It might take a few years to get children out of the junk-present habit and start experiencing the alternatives.  I think they’ll learn to prefer and remember something that is useful or that brings them lasting joy. I recall one family Christmas my brother made my sister something unusual. He fashioned a pencil holder using an egg carton and various items of bling to decorate it. Perhaps this gift was somewhat useless, as my sister was about forty years old, but this gift was free, it was made creatively and thoughtfully from junk, and it came with more immediate comedy and long-term appreciation than anything else that year. And it’s certainly the only present that I can remember from that year.

 

Ideas for nett giving

Here are some suggestions for gifts, not just for kids, that do not require material stuff and that will surely bring joy or utility or both.

Gift an education. Gift something that will last and is fun. Think about pottery courses, cooking classes, golf lessons, and art or photography classes. Often folks want to try new things but are reluctant to spend money themselves. Memberships are also useful. Kids might enjoy a membership at an adventure club, waterpark, science museum. Anything that gets them outside or learning. You can gift experiences like family balloon rides or fun days out. Check out the good ideas at http://unstuffgifts.com/.

Save some People. You could gift a sponsorship of a child in the third world, have your child start a pen pal relationship with someone not so fortunate, to teach them humility and appreciation, who knows where a pen pal relationship with someone like this might go. This kind of consideration may help them get off of consumerism too. See www.foodforthepoor.org or https://www.makeawish.org.au. Or if you know something specific is needed, kill two birds with one stone, help your recipient and buy it from a charity store. 2nd hand is so often more unique and better quality anyway.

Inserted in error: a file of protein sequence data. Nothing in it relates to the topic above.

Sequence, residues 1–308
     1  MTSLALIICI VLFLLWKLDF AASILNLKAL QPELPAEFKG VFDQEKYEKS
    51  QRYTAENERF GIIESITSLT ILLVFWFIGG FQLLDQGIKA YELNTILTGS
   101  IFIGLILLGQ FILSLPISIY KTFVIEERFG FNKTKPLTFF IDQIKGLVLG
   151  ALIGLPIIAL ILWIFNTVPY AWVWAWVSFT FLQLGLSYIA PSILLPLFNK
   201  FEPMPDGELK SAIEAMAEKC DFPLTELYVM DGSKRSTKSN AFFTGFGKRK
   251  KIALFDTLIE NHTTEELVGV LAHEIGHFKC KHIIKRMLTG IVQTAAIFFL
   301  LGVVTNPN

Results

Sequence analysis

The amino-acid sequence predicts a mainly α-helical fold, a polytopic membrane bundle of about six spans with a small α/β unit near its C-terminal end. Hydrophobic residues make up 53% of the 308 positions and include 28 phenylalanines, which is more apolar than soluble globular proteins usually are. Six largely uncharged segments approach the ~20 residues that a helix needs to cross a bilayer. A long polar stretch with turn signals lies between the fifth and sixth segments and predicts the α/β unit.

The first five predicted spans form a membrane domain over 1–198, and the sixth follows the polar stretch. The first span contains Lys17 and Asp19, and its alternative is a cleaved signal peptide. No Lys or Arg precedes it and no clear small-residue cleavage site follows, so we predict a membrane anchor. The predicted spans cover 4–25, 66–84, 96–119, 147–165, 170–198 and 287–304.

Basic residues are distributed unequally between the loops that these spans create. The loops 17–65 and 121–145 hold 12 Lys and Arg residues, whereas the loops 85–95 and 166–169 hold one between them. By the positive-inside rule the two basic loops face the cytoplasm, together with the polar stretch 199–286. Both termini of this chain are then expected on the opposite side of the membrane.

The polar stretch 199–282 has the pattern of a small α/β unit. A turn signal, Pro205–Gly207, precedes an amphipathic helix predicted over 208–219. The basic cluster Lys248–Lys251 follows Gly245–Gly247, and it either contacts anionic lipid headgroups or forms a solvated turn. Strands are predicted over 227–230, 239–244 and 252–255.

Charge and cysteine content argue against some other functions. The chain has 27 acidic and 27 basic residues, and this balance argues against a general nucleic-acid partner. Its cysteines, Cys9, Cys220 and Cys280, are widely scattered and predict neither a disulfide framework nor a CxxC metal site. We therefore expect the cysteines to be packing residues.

Save an entire species. Adopt a polar bear or a snow leopard in the name of your friends and family with the World Wildlife Fund or my favorite is to help save the Orangutans in Sumatra, https://www.orangutan.org.au/donate/save-the-sumatran-orangutan/. The kids who were with me in the bus last Christmas will never forget these animals; it brought them closer to the reality. Now when someone says Palm Oil kills orangutans to them, it’s not just a slogan.

Inspire Healthy Habits. If you know someone uses a particular product, why not encourage them to start buying a conscientious version of it. For them, buy fair trade coffee or chocolate, or other products that are people and earth friendly. http://www.tenthousandvillages.com/ provides vital, fair trade income to Third World artisans in Africa, why not lend them a hand.

And then there is common-sense stuff. Encourage the use of recycled wrapping paper, or use old newspapers and magazines. This can even be fun as the kids cut out and make montage wrapping paper. Store bought wrapping paper is completely unnecessary.

These ideas will all facilitate you nett giving something, that will not take from the planet, other folks and the future of your children. And I guarantee each will have a longer lasting memory than all the thoughtless, impersonal, plastic crap often bought just to fill a stocking.